Officials from the Association of Southeast Asian Nations (ASEAN) member states and their strategic partners will meet for the annual ASEAN Foreign Ministers Meeting (AMM) and other related meetings in Singapore this week.
Several topics, including the importance of rules-based order, Indo-Pacific strategy and the South China Sea, will be discussed over these series of meetings.
Also on the discussion table is the denuclearization of the Democratic People's Republic of Korea (DPRK).
Supporting role in the denuclearization talks
The ASEAN Regional Forum (ARF), which will be held on Saturday, will find the DPRK’s Foreign Minister Ri Yong Ho meeting its ASEAN and regional counterparts since the country began opening up to Seoul and Washington this year.
“Though it wouldn’t be the first time the DPRK has participated in the ARF, I think the ASEAN countries will welcome the positive developments in bilateral ties between the two Koreas and between DPRK and the US that have taken place over the last few months,” said Shawn Ho, an associate research fellow at the S. Rajaratnam School of International Studies (RSIS), a think-tank in Singapore.
Ho believes there is a chance that (Foreign Minister Ri) will hold sideline meetings with China, The Republic of Korea (ROK), and the United States, either bilaterally or perhaps even as a group of four countries.
ASEAN, after its formation in 1967, signed a Treaty of Amity and Cooperation (TAC) in 1976 that solidified its three pillars of the organization: Respect for national sovereignty, no use of force, and non-interference in other member states’ domestic affairs.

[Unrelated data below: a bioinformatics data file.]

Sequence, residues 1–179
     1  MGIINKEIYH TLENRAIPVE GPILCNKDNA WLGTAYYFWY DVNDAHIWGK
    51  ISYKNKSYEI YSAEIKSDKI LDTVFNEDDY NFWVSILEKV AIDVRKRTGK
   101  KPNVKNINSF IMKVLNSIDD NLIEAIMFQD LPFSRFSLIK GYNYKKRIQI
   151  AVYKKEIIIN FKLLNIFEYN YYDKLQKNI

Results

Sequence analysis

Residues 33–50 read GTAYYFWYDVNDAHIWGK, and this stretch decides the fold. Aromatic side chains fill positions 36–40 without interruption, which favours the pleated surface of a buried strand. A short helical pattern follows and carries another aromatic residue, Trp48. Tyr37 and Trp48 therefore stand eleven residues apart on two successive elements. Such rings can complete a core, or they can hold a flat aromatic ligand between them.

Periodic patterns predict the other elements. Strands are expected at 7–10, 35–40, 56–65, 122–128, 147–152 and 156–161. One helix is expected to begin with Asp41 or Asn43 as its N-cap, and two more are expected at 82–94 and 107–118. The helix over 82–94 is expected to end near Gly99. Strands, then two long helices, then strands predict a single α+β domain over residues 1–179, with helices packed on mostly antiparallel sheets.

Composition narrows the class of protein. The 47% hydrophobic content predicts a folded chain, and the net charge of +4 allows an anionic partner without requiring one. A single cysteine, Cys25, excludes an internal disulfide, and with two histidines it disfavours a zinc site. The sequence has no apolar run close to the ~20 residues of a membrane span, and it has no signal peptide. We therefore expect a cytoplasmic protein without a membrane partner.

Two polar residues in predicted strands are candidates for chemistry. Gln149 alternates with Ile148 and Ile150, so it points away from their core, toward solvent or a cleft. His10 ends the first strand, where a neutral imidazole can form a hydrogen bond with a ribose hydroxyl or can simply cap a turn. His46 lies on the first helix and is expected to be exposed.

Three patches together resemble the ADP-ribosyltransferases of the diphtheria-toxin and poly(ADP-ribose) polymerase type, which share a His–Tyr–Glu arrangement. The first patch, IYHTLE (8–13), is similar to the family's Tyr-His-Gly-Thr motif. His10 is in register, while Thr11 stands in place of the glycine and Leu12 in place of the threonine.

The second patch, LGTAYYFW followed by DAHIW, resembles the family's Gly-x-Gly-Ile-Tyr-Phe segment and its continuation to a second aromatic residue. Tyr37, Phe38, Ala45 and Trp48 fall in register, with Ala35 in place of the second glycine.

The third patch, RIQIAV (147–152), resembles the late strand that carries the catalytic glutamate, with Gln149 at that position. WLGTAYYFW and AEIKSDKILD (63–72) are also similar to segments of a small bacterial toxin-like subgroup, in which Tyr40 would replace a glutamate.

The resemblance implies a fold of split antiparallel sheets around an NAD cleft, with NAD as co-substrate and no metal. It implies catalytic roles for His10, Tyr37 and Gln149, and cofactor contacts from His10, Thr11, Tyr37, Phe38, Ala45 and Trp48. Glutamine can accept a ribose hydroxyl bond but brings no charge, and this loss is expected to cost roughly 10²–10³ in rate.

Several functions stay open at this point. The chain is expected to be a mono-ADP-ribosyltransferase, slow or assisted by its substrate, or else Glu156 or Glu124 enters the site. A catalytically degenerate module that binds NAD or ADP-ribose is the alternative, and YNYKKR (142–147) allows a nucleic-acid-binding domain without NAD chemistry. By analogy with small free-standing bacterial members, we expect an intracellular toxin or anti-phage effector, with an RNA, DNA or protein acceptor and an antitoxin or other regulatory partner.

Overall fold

Because of that, some political watchers have said that the regional organization can play a supporting role in the denuclearization talks, which is quite simple, according to Dr. Bhubhindar Singh, an associate professor at RSIS who teaches International Relations in Northeast Asia.
The organization will continue to support the extensive multilateral sanctions against the DPRK, but at the same time, encourage a peaceful resolution by offering to convene meetings on the issue, and to support the country’s development when there is a success in the denuclearization talks, the professor added.
ASEAN meetings in 2018
This year's affair brings high-level diplomats together to discuss topical issues in the region and culminates in the issuance of a joint statement green-lighted by all 10 member states, which take turns chairing the meeting.
On top of the AMM, Singapore’s Foreign Minister Vivian Balakrishnan will chair several meetings: the ASEAN Plus Three (APT), the East Asia Summit (EAS), and the ARF.
He will also co-chair the ASEAN-China Post Ministerial Conference with Chinese Foreign Minister Wang Yi.
As Asia focuses more on the global arena, ASEAN, which celebrated its 50th-anniversary last year, might play a bigger role in the region.